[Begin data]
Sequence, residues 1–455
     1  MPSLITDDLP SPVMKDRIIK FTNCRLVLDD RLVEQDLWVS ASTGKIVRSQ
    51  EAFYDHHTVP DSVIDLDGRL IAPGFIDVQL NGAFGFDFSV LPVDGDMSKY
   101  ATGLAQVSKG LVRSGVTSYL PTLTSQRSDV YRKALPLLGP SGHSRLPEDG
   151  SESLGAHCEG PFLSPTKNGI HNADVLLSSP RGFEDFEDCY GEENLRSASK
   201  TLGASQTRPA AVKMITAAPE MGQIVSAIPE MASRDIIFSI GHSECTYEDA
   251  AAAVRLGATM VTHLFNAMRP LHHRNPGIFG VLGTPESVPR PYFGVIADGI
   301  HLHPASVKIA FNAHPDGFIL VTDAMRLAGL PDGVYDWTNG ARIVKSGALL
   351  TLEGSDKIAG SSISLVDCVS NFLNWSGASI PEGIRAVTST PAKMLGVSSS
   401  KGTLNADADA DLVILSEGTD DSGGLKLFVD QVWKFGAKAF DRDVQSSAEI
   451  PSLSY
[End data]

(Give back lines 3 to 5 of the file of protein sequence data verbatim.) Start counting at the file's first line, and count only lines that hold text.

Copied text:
    51  EAFYDHHTVP DSVIDLDGRL IAPGFIDVQL NGAFGFDFSV LPVDGDMSKY
   101  ATGLAQVSKG LVRSGVTSYL PTLTSQRSDV YRKALPLLGP SGHSRLPEDG
   151  SESLGAHCEG PFLSPTKNGI HNADVLLSSP RGFEDFEDCY GEENLRSASK